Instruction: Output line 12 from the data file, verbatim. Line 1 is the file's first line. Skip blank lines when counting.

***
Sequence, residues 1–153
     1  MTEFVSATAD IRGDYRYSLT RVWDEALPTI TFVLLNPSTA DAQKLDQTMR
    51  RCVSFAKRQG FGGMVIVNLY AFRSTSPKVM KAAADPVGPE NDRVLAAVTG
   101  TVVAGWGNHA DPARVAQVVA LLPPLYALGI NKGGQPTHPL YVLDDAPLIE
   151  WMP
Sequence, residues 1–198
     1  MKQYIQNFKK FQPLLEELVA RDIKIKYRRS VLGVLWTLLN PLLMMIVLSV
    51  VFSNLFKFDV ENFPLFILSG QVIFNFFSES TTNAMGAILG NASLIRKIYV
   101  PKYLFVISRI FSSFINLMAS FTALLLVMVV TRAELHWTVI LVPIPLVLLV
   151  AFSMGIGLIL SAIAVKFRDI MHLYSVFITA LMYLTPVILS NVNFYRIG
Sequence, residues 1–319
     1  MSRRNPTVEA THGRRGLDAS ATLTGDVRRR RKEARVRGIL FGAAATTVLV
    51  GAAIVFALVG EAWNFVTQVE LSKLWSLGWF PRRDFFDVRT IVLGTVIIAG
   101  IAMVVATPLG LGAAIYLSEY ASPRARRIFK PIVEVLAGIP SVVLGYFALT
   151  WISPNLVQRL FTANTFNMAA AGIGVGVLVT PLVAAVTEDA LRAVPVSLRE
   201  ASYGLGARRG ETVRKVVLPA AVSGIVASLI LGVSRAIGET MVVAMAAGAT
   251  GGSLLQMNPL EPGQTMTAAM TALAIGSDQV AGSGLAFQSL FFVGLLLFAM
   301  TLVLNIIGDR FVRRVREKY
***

     1  MSRRNPTVEA THGRRGLDAS ATLTGDVRRR RKEARVRGIL FGAAATTVLV